MONEY AND WORK

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May 1, 2009

CRASH TALK

Bill Moyers and Michael Winship - [Jo Becker and Gretchen Morgenson in the New York Times] write that Geithner "repeatedly missed or overlooked signs" that the financial system was self-destructing. "When he did spot trouble, analysts say, his responses were too measured, or too late."

In choosing a man to manage the bailout of the banks who's so cozy with its players, and then installing as his White House economic adviser Larry Summers, who in the Clinton administration took a laissez-faire attitude toward the financial industry which would later enrich him, the president bought into the old fantasy that what's best for Wall Street is best for America.

With these two as his financial gatekeepers, President Obama's now in the position of Louis XVI being advised by Marie Antoinette to have another piece of cake until that rumble in the streets has passed on by.

In fact, other Wall Street insiders - many of them big contributors to the Obama presidential campaign, and progressive in their concern for the public interest - privately are expressing serious concerns that Geithner, Summers and their associates are leading the President and America's taxpayers down a path toward further economic disaster.

This week, as Senate Majority Whip Richard Durbin of Illinois unsuccessfully fought for a congressional amendment he said would have helped 1.7 million Americans save their homes from foreclosure, the senator told a radio station back home that, "The banks - hard to believe in a time when we're facing a banking crisis that many of the banks created - are still the most powerful lobby on Capitol Hill. And they frankly own the place." He could say the same of the White House.

NPR - A health care board linked to the UAW that owns a controlling stake in now bankrupt Chrysler needs to begin selling shares as soon as possible to raise cash to meet obligations to retired autoworkers, the union's president told NPR.

The Voluntary Employee Beneficiary Association, or VEBA, which covers the health care needs of retired Chrysler workers "is going to be stressed in order to pay the benefits," United Auto Workers President Ron Gettelfinger said Friday.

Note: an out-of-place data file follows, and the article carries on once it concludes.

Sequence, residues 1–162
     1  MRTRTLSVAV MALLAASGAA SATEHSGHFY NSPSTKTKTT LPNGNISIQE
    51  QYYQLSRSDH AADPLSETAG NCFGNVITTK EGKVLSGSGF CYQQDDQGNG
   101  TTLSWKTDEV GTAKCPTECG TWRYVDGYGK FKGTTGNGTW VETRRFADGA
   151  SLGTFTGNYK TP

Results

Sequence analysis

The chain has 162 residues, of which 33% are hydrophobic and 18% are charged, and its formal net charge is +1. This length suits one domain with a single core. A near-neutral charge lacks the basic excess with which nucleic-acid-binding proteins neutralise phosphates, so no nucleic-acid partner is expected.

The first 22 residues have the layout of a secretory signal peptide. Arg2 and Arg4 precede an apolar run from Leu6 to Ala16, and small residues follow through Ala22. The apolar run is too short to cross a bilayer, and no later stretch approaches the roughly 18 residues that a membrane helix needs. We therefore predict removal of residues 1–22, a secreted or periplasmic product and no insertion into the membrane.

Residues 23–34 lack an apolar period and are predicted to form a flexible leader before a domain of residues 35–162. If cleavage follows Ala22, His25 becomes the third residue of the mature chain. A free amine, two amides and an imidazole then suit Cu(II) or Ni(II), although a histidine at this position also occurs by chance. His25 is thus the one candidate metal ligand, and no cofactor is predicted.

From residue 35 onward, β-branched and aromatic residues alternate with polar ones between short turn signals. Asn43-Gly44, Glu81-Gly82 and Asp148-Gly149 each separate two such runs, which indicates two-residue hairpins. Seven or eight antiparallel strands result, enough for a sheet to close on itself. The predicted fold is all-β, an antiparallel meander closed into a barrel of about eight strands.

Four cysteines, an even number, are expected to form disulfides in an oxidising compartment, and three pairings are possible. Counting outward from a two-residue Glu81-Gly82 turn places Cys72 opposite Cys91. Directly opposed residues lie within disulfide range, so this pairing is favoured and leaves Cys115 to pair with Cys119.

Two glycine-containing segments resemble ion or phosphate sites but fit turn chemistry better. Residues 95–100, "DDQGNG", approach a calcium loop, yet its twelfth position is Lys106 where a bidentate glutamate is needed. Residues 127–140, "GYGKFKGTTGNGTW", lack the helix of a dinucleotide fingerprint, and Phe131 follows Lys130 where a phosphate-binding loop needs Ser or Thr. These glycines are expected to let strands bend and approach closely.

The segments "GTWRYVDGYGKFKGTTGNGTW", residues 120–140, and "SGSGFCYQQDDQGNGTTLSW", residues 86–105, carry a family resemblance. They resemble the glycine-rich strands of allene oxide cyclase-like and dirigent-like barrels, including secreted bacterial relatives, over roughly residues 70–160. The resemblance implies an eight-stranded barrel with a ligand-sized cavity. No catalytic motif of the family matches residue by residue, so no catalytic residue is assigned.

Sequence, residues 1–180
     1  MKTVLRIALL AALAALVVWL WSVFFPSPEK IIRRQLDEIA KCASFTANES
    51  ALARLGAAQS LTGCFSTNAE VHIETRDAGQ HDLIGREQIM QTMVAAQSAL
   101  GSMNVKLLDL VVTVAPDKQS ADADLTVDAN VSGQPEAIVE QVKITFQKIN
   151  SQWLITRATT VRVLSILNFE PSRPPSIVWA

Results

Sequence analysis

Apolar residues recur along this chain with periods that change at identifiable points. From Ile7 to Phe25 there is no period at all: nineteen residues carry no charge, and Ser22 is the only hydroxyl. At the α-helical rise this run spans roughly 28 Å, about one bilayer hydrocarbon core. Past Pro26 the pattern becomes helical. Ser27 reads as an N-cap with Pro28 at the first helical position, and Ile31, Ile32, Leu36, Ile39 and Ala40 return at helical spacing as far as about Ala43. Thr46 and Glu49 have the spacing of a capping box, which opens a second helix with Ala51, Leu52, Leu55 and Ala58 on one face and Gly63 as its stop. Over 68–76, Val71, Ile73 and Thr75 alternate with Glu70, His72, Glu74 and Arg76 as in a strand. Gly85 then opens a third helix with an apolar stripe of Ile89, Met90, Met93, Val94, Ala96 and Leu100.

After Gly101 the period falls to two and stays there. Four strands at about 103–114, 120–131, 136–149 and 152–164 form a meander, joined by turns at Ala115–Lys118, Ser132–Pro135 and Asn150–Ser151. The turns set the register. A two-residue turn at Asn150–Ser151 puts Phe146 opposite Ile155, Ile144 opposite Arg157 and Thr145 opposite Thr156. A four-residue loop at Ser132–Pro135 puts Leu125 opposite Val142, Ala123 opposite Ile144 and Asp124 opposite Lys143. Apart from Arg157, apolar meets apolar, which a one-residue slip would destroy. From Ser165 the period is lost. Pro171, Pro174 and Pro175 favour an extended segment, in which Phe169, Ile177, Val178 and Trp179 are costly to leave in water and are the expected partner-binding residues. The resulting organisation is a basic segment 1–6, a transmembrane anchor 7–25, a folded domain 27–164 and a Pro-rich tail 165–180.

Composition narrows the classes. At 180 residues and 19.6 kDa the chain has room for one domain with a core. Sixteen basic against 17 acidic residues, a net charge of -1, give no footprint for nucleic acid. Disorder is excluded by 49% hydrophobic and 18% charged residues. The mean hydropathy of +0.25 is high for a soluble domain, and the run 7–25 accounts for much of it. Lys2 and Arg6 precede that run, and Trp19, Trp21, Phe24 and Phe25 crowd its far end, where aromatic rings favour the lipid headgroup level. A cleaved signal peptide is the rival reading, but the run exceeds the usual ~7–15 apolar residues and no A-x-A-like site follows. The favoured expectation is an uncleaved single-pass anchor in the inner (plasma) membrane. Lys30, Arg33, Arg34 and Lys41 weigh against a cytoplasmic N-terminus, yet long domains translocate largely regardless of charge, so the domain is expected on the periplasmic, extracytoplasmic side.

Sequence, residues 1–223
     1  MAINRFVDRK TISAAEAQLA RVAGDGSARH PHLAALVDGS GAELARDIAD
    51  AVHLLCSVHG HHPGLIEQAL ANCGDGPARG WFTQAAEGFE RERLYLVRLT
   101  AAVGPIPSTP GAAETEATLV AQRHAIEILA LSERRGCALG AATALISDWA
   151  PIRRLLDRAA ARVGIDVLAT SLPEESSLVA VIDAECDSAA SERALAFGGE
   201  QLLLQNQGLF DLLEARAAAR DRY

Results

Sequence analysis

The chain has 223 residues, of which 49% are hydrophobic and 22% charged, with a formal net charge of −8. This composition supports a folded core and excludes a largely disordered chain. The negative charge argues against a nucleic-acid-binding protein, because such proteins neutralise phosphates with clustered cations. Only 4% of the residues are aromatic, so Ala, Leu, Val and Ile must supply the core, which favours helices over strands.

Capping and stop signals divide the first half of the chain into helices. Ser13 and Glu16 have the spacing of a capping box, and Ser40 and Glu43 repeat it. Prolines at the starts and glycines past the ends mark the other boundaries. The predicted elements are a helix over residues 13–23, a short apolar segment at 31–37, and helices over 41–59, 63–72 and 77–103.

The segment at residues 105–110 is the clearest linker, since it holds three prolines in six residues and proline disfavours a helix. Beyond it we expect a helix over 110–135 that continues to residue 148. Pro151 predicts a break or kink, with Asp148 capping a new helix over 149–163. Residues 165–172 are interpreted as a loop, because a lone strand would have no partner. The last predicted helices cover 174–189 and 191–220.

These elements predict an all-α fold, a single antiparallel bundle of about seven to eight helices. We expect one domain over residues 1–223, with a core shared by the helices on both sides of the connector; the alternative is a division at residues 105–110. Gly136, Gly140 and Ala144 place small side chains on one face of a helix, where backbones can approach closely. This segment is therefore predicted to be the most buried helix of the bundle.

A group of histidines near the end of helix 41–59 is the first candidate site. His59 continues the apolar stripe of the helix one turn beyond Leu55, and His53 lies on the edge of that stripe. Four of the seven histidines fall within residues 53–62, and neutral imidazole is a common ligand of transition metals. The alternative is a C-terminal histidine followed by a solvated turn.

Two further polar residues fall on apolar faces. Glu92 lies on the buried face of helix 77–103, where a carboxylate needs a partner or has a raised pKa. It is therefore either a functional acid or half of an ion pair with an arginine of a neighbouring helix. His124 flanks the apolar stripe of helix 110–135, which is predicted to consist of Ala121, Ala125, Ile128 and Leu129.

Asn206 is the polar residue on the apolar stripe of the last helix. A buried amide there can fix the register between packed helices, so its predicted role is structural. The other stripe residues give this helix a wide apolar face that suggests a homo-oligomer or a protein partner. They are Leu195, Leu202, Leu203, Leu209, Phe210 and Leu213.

"We do not have the ability [to hold a long-term stake] because of the cash needed in the VEBA," he told NPR a day after the nation's third-largest automaker filed for Chapter 11 bankruptcy protection. The health care association will need "as soon as we possibly can …to start selling these shares."

In order to receive billions in government aid, Chrysler agreed to hand over the company's stock in lieu of paying back money it owed to the VEBA. . .Gettelfinger told NPR that the UAW had done everything possible to avoid the bankruptcy but he felt confident the alliance with Fiat would help turn the company around.

Pro Publica - In President Barack Obama's news conference, he said the $787 billion economic stimulus bill has already created or saved over 150,000 jobs. We decided to find out how the president arrived at that figure. The simple answer: guesswork.

It turns out the feds don't have a way to measure exactly how many jobs have been created or saved, so they use projections instead, and it's all rather academic.

The new estimate, like the original one predicting the stimulus bill would save or create 3 to 4 million jobs, came from the Council of Economic Advisers. To get the number Obama used, economists at the council simply prorated their earlier estimates based on stimulus outlays as of April 21.

As we've reported before, the administration's estimates are based on a guess at how much tax cuts and government spending will make the economy grow.

We asked Nigel Gault, an economist with the forecasting firm IHS Global Insight, about what he made of the administration's latest assumptions.

"The only thing they have to go on is how much money has been actually spent," Gault said. But that doesn't tell the whole story. The feds count the money that goes out the door. They don't have close tabs on what happens after that, he said.

"You have to ask, 'Has the money been effectively spent? Has it actually been spent in purchasing goods and services or whatever it was supposed to be purchasing?'" Gault said.

Gault noted that funding for larger projects probably won't be spent all at once. If a city or county starts work on a project, it doesn't hire every worker immediately.

For the record, the U.S. Bureau of Labor Statistics says employment at the end of March stood at 133,019,000 jobs. That compares with 133,682,000 jobs at the end of February, the month Obama signed the stimulus bill.

The administration acknowledges its estimate does not reflect a net gain in jobs.

"It doesn't mean that employment has risen by 150,000," Thomas E. Gavin of the White House budget office said in an e-mail. "Rather, it means that employment is 150,000 jobs better than it otherwise would have been."

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